AIS Sports Nutrition

Nutrition for Travelling Athletes

Travelling away from home for training and competition is standard practice for most elite and recreational athletes.  Unfortunately, the disruptions and distractions of a new environment, changes in schedule and exposure to different foods can significantly affect usual eating habits.  Major nutritional challenges faced by athletes while travelling include:

  • achieving carbohydrate and protein requirements
  • meeting daily vitamin and mineral requirements
  • balancing energy intake
  • maintaining adequate hydration
  • food safety

It is essential that strategies are put in place to minimise the impact of travel on an athlete's food intake. Whether an athlete is travelling overseas or on a long local bus trip, the key to successful eating while on the move is planning and preparation.

Plan Ahead

A general plan consisting of where, when and what the athlete is planning to eat on each day should be constructed around the anticipated daily schedule.  It is important to keep foods and meal times as similar as possible to the usual daily routine at home.

Research the Destination

Food patterns at the destination should be investigated as thoroughly as possible before leaving home:

  • Are all important foods available?
  • Is the accommodation self-catering or will it be necessary to rely on restaurants or takeaways?
  • What are the hygiene and food safety risks?

The internet, travel agencies, embassies, competition organisers or other athletes who have travelled to the destination before can be used to gain information.

Choose Your Catering Style

Self Catering

Cooking skills, budget and access to shops will determine the meals that can be served.  The availability of food at local shops, the cooking and storage facilities and available utensils need to be investigated before leaving home.  Ideally, the menu should be planned in advance.  Cookbooks such as the AIS Survival series can be used as a guide.  These books contain special menus for 1-7 days and the corresponding required ingredients.  Useful items to pack when self catering include a can opener, chopping knife, extra utensils and storage containers for leftovers.  For some locations, power cord adaptors, an in-cup heater and an electric kettle may also be useful.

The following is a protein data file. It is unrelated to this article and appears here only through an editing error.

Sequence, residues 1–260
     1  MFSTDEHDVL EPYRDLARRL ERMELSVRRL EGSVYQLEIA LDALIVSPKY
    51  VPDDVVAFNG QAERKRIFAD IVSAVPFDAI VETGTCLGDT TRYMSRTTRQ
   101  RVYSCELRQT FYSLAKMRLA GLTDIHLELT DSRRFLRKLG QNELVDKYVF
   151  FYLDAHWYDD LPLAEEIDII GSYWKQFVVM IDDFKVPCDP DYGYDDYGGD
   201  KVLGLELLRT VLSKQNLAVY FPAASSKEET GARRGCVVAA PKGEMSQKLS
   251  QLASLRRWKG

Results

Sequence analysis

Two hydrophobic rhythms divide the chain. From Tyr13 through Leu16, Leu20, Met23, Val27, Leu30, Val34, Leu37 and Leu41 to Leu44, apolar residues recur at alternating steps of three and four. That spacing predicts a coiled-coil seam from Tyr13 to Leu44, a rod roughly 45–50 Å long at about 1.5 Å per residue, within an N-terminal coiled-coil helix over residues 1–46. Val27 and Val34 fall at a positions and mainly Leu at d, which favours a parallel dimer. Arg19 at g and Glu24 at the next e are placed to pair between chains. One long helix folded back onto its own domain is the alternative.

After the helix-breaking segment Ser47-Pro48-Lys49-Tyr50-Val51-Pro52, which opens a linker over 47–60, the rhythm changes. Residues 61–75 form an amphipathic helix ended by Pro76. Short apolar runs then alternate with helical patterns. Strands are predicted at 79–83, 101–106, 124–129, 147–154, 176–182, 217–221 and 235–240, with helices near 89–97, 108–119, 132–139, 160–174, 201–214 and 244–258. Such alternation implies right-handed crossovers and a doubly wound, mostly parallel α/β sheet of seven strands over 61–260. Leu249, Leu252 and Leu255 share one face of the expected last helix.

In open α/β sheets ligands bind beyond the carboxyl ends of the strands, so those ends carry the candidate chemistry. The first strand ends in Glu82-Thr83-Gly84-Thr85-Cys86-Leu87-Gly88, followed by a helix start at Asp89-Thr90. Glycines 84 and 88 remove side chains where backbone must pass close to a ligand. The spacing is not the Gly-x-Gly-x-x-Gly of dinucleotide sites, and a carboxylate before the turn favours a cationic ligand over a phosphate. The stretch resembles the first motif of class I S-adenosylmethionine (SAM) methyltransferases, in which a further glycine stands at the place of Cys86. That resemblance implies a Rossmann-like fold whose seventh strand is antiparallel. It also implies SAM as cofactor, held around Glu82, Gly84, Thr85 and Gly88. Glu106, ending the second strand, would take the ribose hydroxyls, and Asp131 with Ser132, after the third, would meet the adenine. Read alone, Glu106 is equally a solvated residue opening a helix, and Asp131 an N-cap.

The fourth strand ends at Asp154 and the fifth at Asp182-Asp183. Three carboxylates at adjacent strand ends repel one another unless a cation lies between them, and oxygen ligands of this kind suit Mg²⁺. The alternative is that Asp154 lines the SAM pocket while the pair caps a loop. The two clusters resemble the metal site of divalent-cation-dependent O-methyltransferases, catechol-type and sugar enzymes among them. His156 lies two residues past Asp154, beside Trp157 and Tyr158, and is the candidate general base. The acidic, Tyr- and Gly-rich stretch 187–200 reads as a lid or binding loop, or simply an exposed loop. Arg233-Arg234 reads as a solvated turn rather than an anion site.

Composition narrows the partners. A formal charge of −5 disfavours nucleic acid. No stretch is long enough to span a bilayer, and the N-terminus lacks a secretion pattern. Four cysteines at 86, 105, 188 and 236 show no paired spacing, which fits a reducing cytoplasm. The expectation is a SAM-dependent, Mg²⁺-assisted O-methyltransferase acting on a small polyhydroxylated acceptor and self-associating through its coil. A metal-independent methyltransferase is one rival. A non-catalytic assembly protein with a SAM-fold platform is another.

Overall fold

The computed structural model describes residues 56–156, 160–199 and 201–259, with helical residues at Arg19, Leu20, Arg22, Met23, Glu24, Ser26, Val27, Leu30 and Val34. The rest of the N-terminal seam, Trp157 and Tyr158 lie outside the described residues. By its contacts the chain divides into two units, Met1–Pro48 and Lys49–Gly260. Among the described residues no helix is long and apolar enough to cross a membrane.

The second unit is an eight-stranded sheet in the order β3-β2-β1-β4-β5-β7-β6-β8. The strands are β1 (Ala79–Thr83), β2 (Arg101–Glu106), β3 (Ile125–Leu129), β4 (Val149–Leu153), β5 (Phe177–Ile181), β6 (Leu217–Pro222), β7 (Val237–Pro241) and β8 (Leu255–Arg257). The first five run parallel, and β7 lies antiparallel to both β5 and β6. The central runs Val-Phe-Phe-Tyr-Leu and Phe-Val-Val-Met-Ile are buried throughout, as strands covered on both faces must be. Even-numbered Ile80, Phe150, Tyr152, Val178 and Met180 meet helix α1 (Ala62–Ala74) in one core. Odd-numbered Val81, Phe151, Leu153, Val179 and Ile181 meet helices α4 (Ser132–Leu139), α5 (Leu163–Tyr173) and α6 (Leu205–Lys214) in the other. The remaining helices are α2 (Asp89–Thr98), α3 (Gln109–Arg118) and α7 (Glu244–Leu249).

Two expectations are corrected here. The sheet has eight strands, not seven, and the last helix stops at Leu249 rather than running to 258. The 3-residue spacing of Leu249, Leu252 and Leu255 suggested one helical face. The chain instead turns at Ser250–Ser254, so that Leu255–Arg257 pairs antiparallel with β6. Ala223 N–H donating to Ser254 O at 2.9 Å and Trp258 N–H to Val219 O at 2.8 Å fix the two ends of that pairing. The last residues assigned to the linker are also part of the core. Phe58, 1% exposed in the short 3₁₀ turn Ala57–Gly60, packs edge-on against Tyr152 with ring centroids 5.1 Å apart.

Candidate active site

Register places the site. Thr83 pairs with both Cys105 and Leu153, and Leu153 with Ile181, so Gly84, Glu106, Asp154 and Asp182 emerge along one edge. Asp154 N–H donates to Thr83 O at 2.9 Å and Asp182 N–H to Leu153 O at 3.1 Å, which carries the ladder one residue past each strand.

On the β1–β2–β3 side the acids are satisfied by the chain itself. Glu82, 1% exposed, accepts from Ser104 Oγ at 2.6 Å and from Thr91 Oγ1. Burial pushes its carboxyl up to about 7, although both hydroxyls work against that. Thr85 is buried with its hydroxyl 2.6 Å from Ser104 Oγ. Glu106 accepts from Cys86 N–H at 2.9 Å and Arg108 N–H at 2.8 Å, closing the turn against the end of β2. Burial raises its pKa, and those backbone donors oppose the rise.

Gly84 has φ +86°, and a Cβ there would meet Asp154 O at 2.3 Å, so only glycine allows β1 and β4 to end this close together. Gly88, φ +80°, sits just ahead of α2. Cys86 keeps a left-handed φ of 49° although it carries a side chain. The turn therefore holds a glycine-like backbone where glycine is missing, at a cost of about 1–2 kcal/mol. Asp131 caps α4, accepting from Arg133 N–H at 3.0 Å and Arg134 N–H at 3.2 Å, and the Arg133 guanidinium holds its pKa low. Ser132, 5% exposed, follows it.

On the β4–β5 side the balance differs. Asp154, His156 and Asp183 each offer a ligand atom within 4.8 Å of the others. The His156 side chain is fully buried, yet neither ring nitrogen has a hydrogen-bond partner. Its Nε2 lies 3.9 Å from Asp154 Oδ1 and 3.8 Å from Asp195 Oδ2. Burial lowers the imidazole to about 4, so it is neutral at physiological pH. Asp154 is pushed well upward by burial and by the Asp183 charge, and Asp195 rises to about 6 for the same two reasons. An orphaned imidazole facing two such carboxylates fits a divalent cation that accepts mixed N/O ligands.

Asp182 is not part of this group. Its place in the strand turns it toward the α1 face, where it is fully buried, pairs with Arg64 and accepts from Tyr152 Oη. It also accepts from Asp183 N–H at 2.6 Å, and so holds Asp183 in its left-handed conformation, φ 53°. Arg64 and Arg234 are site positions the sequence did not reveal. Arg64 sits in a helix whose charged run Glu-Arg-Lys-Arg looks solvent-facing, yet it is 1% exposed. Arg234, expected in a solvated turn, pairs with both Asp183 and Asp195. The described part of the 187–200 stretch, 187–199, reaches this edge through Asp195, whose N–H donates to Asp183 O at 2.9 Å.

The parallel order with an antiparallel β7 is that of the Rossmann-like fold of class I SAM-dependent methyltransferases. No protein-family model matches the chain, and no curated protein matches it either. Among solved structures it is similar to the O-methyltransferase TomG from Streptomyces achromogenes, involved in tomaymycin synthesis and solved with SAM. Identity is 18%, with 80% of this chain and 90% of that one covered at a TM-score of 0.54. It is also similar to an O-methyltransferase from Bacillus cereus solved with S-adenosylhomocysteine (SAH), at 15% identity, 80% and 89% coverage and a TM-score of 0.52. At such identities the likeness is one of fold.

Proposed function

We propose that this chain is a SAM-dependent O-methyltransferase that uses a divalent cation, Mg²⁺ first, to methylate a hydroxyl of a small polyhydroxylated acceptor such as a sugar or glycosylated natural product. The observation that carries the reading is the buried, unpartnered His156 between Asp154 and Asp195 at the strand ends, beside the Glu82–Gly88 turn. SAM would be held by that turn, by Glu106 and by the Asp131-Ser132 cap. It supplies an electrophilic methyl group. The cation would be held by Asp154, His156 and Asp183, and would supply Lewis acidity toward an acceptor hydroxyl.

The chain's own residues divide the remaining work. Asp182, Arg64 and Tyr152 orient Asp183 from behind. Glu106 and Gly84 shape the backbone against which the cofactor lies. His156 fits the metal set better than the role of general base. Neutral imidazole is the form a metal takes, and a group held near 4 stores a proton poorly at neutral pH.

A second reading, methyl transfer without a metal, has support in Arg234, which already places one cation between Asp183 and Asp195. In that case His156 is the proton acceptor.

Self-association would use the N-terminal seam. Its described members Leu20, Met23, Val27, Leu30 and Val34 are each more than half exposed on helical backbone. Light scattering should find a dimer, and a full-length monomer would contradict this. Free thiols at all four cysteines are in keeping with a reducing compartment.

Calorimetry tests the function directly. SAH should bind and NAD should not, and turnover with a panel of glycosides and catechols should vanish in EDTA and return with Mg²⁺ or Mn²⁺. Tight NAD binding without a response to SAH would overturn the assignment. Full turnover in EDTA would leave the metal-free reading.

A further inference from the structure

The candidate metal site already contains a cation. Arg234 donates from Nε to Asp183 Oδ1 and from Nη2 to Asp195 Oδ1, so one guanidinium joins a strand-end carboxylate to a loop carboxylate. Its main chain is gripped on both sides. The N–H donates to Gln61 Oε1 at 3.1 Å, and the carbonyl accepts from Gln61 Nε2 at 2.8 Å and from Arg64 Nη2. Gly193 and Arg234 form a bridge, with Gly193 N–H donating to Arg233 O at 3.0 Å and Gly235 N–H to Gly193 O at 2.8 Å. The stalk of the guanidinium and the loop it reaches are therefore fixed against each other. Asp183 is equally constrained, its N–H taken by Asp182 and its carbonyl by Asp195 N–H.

Restaurant Eating

Athletes often stay in hotels where all meals are provided in the hotel restaurant.  On other occasions, athletes or teams may choose to cater for their own breakfasts and lunch and use a restaurant for the evening meal.  Where possible, restaurants should be investigated before leaving home.  The meal options, cooking styles, opening hours and hygiene of the establishment should be considered.  It is useful to book restaurants ahead of time as many businesses are unable to cater for specific requests or large groups at short notice.  Discussing the proposed menu with restaurant staff in advance will minimise problems at mealtime.  This is particularly important when athletes have special dietary needs (e.g. vegetarian, food intolerances).

Meals that focus on carbohydrate choices such as rice, noodles and pasta are a good place to start.  Add lean sources of protein such as lean meat, fish, chicken, beans or tofu and include plenty of vegetables. Avoid dishes that are deep fried or battered.  Buffet style eating can be a good option as it allows athletes a range of choices.  It is quicker than waiting for individual meals to arrive and is cost effective.  One of the pitfalls of buffet eating is that it is easy to over indulge.  This can be avoided by planning meals in advance and leaving the buffet when full.  If using the same restaurant for more than a few days, vary the menu from day to day rather than within a meal to avoid boredom.  If possible, avoid being solely reliant on restaurant/fast food options.  They can be time consuming, expensive and a nutritional challenge.


Snacks are an important component of eating and recovery nutrition plans for most athletes, however access to quality snacks can be difficult when travelling.  It pays to take a supply of portable, non-perishable snack foods that are unlikely to be available at the destination.  It may be useful to send a package of supplies ahead to decrease baggage.  Remember to check with customs/quarantine regarding foods that are restricted from crossing certain borders or entering certain countries.

Useful Food Items To Take

  • cereal bars
  • breakfast cereal
  • canned snack pack fruits
  • dried fruit
  • instant noodles
  • jam, honey, peanut butter, Vegemite
  • powdered sports drink
  • powdered liquid meal supplements
  • powdered milk
  • concentrated fruit juice
  • baked beans and spaghetti

Hotels usually only cater for 3 meals/day.  Arrange for snacks such as yoghurt, fruit and cereal bars to be placed out at meals so that athletes can take them for snacks later in the day.  Alternatively, arrange for a communal area to be stocked with snacks (i.e. the manager's or “team” room).

Travelling by Air

Meals and Snacks

Athletes are not used to forced inactivity therefore hours spent on a plane may lead to boredom.  It is important that athletes avoid over-eating to relieve boredom.  Taking other activities on board, drinking water regularly and chewing sugar-free gum can decrease the temptation to snack excessively on long flights.  Alternatively, athletes with high-energy needs may struggle to meet their needs if they rely solely on in-flight catering.  This may cause the athlete to arrive at the competition destination with reduced fuel stores.  Several strategies can be taken to minimise these risks to performance:

  • Find out if special meals (e.g. sports, low-fat, vegetarian) are available on the flight.
  • Enquire about the in-flight menu and timing of the meal service in advance.On long flights, try to adopt a similar meal and sleep pattern to that anticipated at your destination.  This may help to reduce the effects of jet lag.